As shown in figure 1, the mechanisms behind the benefit of macrolides in chronic lung disease comprise a complex web that spans the host and the microbiome as well as the lungs, the gut and systemic immunity. The current study confirms, consistent with intuition and prior studies, that azithromycin alters the lung microbiome.13–15 It also provides proof-of-principle evidence that, via bacterial metabolites, this alteration may modulate the intensity of lung inflammation. It does not preclude, however, any of the numerable alternate routes by which azithromycin may provide benefit. Azithromycin influences systemic inflammation, both directly via its effects on host immune cells16 and indirectly via its alteration of gut microbiota. In turn, systemic immunity informs lung immunity, and may directly contribute to disease pathogenesis.17 Though certainly plausible that lung microbiota can propel the maladaptive airway inflammation of chronic lung disease, the field has not shown that this reactive inflammation—or the microbiota themselves—directly mediate tissue injury. Finally, as should be expected in any chronic, non-resolving process, a self-reinforcing positive feedback loop is almost certainly in place: tissue injury provokes both lung inflammation and altered lung microbiota via, respectively, damage-associated molecular patterns18 and altered environmental growth conditions for lung microbiota.19
This mechanistic web is dauntingly complex, and the current study is clearly only an early step towards unravelling it. The authors did not assess for azithromycin's effects on gut microbiota or on systemic immunity, and their ex vivo experiments do not exclude a direct effect of the drug on inflammatory cells other than macrophages (indeed, azithromycin has well-described effects on neutrophils and other key members of the host response16 ,20). Their findings also demonstrate a further challenge in metabolomic studies: determining whether a given metabolite in diseased lungs is derived from bacteria or from their host, produced locally in the lung or remotely in the gut, or introduced via diet. Finally, the temporal dynamics of azithromycin's effects on the lung microbiome and its metabolism remains undetermined: the minimum dose, frequency and duration of therapy to achieve clinical and microbiological efficacy have not been established.
Yet more important than this study's limitations is the glimpse it gives us of the future of the field. It is no longer sufficient to merely observe differences in microbiota across disease states or treatment groups: we must leverage these community changes against the host response, the metabolomic activity of host and microbiota, and the controlled observations of in vivo, in vitro and ex vivo experimentation. Microbial ecology of the respiratory tract will no longer merely be a reportable phenomenon unto itself, but instead a powerful tool we can use alongside others to interrogate mechanisms of pathophysiology.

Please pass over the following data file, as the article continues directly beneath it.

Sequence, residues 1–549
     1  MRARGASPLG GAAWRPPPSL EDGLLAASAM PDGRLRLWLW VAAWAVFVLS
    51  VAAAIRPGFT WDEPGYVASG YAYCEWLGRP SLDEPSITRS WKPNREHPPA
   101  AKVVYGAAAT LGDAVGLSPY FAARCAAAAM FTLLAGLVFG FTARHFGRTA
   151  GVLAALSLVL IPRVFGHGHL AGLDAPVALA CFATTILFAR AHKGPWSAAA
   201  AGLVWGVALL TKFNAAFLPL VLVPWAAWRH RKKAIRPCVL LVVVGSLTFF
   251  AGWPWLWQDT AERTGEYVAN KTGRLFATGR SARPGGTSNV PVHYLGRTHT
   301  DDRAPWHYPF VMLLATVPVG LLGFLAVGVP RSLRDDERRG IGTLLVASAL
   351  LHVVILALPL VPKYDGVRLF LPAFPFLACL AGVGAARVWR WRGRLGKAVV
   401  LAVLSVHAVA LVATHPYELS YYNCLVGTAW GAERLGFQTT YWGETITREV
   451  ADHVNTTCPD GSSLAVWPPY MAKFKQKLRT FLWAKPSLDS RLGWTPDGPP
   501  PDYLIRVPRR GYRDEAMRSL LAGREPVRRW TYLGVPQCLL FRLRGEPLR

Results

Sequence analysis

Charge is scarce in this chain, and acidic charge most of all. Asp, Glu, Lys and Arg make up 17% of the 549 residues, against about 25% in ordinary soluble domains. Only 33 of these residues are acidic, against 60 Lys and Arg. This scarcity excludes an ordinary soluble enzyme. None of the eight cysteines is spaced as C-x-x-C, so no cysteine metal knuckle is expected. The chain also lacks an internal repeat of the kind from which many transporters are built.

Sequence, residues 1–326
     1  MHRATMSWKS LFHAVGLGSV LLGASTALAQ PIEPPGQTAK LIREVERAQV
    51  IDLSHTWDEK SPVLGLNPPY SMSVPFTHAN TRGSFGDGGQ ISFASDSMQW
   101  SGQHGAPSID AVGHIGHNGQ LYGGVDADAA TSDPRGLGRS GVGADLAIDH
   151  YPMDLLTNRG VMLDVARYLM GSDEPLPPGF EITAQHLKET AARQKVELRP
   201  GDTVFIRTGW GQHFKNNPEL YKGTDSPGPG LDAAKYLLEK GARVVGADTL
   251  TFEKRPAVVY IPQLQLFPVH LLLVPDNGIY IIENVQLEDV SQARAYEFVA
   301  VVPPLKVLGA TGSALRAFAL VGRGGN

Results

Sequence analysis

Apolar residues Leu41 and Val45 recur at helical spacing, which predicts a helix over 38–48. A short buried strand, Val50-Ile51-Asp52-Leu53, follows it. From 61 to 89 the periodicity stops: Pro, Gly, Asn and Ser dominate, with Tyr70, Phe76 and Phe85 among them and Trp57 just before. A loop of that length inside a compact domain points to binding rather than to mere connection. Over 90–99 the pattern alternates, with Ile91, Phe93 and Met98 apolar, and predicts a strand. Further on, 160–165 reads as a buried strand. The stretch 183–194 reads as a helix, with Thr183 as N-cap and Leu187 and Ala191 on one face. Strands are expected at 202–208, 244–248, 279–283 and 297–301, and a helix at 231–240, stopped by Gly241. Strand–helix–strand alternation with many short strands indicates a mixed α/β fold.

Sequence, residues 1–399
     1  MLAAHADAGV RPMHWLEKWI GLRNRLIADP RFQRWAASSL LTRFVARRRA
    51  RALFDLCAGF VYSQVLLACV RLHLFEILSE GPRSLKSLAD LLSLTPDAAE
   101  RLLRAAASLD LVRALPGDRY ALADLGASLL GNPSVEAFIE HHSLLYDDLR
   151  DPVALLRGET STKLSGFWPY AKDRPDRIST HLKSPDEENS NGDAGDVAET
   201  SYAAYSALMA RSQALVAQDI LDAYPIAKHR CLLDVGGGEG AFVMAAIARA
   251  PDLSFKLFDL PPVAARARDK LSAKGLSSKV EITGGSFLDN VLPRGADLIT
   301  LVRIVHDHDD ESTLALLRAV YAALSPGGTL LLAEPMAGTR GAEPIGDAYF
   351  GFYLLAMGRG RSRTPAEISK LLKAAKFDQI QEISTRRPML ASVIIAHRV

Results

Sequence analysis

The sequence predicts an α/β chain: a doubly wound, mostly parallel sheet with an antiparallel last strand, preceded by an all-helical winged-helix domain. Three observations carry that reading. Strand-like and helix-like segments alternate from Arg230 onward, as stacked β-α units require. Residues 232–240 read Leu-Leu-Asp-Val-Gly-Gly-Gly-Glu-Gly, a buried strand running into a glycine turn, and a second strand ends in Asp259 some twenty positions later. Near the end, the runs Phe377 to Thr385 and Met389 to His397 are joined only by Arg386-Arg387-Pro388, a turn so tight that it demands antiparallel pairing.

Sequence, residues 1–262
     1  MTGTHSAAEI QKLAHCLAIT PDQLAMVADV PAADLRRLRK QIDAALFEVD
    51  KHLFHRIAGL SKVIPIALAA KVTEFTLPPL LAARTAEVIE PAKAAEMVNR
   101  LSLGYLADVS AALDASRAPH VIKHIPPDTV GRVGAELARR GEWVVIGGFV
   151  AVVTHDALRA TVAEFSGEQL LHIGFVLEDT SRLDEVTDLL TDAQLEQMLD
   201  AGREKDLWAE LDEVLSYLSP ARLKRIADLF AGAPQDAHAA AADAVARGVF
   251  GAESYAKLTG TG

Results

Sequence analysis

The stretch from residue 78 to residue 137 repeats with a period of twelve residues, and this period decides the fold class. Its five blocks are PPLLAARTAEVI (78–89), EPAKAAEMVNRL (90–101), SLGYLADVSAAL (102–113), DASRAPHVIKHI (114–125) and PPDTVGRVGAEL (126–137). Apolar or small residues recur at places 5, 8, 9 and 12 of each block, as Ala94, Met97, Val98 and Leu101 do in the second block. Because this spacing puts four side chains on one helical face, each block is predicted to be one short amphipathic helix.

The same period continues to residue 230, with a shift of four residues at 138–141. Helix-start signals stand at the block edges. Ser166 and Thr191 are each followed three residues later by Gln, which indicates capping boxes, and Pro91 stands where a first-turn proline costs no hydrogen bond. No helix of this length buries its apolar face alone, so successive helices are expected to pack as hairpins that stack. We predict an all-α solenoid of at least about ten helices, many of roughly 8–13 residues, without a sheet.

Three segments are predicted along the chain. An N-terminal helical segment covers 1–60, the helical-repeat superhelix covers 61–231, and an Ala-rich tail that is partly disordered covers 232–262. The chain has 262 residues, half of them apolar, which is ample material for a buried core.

The authors also demonstrate the prudence and power of studying the microbiome as a secondary outcome in randomised controlled trials. Though prior studies have correlated changes in lung microbiota with exposure to common therapies, most studies to date have been observational, highly vulnerable to measured and unmeasured confounders. By characterising the lung microbiome before and after randomised therapies, we will be able to determine both whether the microbiome is altered by treatment and, more importantly, whether it predicts which patients will respond to it: the promise of personalised medicine. We believe that the microbiome of both the lung and the gut should be considered a key secondary outcome in trials of interventions that may be exerting their effects via the microbiome, including antibiotics, immunomodulatory agents, nutritional supplements and even interventions such as weight loss and physical activity. Investigations of microbes other than bacteria will also be important in future studies as we are just beginning to understand the complex web of interactions between bacteria, fungi and viruses. A significant barrier to implementing microbiome analyses in clinical trials is the need for bronchoscopy, and the field would benefit greatly by determining the potential utility of surrogate markers of bacteria and their products. Finally, although the authors did not evaluate changes in pulmonary function or subsequent clinical course in this trial, linking alteration of the microbiome to important clinical outcomes such as pulmonary function, exacerbation frequency or mortality is clearly the holy grail of the field.
Although the interplay of host, microbiota and lung disease weaves a tangled web, we are beginning to unravel its many threads. The study by Segal et al is a first step in illuminating the complex network of effects of a microbiome-altering therapy for lung disease.
Competing interests None declared.
Provenance and peer review Commissioned; externally peer reviewed.